Bhavana Srivastava, Himanshu Sharma, Vikas Chandra Sharma, S.C. Verma, A.D. Jadhav
Bhavana Srivastava1*, Himanshu Sharma1, Vikas Chandra Sharma1, S.C. Verma2, A.D. Jadhav1
1National Research Institute for Ayurveda Siddha Human Resource Development, Aamkho, Gwalior-474009, (M.P), India.
2Pharmacopeia Commission for Indian Medicine & Homeopathy, PLIM Campus, Kamala Nehru Nagar, Ghaziabad-201002.
Volume - 8,
Issue - 2,
Year - 2016
Pterocarpus marsupium commonly called Indian kino tree is a medicinal plant widely used in Ayurveda. As per the Ayurvedic literature, heart wood of this plant is used in Krmiroga, Kustha, Prameha, Pandu, and Medodosa. Removal of heart wood from trunk of this tree may make this plant weak and susceptible to damage by insects and natural elements. Due to which availability of this plant may be difficult in near future for use in Indian system of medicine. This work is an attempt to evaluate the possibilities of using small branches in place of heart wood. The standard parameters of small branches of P. marsupium have not been prepared yet. So work is carried out to establish preliminary physicochemical and phytochemical standards of small branches of P. marsupium. Heart wood and small branches of P. marsupium are compared on the basis of physicochemical analysis, phytochemical analysis and high performance thin layer chromatography (HPTLC). Total phenolic contents of heart wood and small branches in terms of tannic acid equivalent were 36.65±0.90 and 41.91±1.05 mg/g, respectively and total flavonoid contents in terms of querecetin equivalent were 56.30±0.38 and 70.22±1.25 mg/g, respectively. Phytochemical analysis of heartwood and small branches showed the presence of phenols, tannins, alkaloids, carbohydrates, saponins, proteins, steroids, flavanoids, coumarin, quinine and furanoids in various extracts tested. HPTLC of n-hexane, ethyl acetate and ethanol extracts of heart wood and small branches showed different phytochemical profile. Difference in HPTLC profiles suggests that small branches cannot be used in place of heart wood and further research is required to find out the substitute for heart wood of P. marsupium. Study will be helpful in the identification and quality control of P. marsupium and can provide standard HPTLC profiles of P. marsupium with selected solvent system for use as a reference for the proper identification/ authentication of the drug. Good amount of total phenolics and total flavonoids in small branches and HPTLC profile with many bands indicates that small branches may also have potential active constituents and may be studied for various pharmacological activities.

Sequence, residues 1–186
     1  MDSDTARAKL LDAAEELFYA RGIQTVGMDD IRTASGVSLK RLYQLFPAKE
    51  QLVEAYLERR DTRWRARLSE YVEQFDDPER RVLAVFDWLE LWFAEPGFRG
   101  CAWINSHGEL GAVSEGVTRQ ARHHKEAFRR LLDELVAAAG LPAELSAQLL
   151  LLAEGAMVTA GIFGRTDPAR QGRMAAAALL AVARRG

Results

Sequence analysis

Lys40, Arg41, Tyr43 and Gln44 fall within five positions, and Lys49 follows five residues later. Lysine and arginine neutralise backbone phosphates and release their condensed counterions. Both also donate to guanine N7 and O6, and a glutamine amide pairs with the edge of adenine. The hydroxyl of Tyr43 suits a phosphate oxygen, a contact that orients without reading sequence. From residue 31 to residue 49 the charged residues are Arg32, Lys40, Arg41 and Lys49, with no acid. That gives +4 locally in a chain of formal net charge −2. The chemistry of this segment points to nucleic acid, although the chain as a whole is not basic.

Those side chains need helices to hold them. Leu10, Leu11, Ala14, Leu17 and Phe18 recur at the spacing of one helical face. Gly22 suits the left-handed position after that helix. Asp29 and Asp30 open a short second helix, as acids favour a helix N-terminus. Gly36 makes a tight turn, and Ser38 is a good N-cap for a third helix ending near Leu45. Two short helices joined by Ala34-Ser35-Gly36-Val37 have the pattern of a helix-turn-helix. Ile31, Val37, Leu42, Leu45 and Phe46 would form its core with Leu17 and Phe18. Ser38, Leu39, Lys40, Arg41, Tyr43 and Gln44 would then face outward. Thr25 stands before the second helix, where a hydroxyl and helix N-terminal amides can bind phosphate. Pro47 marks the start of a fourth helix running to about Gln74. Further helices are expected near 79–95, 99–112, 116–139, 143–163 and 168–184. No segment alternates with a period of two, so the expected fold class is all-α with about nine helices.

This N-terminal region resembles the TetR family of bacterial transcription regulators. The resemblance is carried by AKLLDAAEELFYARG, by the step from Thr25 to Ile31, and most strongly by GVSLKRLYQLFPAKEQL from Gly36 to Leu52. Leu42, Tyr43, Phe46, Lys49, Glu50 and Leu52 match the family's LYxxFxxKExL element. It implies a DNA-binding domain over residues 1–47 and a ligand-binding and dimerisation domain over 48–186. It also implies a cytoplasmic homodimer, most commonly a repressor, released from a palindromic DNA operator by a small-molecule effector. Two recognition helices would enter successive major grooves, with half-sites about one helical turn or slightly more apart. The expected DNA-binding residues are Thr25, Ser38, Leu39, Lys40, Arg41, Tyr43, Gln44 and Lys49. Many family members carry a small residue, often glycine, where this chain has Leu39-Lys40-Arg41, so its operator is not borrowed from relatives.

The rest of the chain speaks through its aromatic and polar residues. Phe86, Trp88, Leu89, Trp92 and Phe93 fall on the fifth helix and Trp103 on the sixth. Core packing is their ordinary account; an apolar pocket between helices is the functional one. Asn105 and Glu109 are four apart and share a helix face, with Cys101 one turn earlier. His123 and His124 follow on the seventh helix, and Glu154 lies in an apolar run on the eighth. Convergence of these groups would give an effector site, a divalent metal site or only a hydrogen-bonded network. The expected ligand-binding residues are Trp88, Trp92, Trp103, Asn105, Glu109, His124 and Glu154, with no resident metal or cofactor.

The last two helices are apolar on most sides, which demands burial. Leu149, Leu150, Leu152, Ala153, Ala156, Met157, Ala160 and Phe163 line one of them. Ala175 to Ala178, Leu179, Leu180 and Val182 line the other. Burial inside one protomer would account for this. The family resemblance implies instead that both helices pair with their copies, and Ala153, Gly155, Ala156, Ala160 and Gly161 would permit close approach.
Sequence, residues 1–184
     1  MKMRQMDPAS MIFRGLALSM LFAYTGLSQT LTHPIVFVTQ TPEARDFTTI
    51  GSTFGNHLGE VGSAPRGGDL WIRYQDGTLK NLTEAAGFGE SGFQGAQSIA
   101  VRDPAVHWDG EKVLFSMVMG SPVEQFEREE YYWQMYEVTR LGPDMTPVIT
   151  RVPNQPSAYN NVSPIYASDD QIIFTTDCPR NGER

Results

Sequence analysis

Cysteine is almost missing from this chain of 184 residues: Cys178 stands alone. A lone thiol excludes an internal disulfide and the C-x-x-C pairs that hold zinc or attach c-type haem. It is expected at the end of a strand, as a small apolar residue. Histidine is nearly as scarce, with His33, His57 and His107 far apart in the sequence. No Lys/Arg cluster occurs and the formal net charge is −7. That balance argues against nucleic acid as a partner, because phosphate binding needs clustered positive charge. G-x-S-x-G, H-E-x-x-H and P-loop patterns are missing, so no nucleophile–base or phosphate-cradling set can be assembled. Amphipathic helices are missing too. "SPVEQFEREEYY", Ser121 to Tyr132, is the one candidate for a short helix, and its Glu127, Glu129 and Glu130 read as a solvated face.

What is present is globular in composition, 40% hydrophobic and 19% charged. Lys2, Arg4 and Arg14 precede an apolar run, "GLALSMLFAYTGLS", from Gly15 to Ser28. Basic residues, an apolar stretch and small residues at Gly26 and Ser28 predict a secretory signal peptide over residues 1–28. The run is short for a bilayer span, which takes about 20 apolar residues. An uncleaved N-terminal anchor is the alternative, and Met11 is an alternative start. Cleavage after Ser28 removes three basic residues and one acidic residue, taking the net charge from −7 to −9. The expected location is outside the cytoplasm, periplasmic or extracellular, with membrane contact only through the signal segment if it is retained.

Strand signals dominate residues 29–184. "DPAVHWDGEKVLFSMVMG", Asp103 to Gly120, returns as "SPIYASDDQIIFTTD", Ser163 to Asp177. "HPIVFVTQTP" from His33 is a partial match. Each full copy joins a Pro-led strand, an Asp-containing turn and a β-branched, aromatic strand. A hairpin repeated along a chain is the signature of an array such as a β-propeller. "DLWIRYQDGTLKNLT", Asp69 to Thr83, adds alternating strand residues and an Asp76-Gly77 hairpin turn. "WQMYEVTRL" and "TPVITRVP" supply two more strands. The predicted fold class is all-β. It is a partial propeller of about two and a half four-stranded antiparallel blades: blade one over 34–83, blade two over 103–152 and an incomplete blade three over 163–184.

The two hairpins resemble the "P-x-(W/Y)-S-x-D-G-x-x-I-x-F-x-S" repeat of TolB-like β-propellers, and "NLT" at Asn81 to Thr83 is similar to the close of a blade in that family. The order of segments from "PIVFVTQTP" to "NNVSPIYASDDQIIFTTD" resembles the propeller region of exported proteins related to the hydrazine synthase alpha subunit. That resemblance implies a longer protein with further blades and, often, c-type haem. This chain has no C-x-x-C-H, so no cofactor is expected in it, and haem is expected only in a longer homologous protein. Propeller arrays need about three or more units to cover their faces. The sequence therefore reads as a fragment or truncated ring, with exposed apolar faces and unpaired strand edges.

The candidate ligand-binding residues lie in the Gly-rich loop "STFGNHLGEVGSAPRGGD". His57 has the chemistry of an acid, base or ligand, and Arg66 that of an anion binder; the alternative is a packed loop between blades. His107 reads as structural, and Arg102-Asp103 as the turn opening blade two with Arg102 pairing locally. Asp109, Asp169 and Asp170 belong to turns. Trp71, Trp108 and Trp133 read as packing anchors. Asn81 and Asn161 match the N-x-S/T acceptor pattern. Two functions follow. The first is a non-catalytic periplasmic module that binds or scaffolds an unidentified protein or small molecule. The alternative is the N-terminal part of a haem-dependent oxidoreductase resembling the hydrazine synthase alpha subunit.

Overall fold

Cite this article:
Bhavana Srivastava, Himanshu Sharma, Vikas Chandra Sharma, S.C. Verma, A.D. Jadhav. Pterocarpus marsupium, physicochemical analysis, phytochemical analysis, HPTLC profile. Res. J. Pharmacognosy and Phytochem. 2016; 8(2): 53-59. doi: 10.5958/0975-4385.2016.00010.8
Bhavana Srivastava, Himanshu Sharma, Vikas Chandra Sharma, S.C. Verma, A.D. Jadhav. Pterocarpus marsupium, physicochemical analysis, phytochemical analysis, HPTLC profile. Res. J. Pharmacognosy and Phytochem. 2016; 8(2): 53-59. doi: 10.5958/0975-4385.2016.00010.8 Available on: http://rjpponline.org/AbstractView.aspx?PID=2016-8-2-1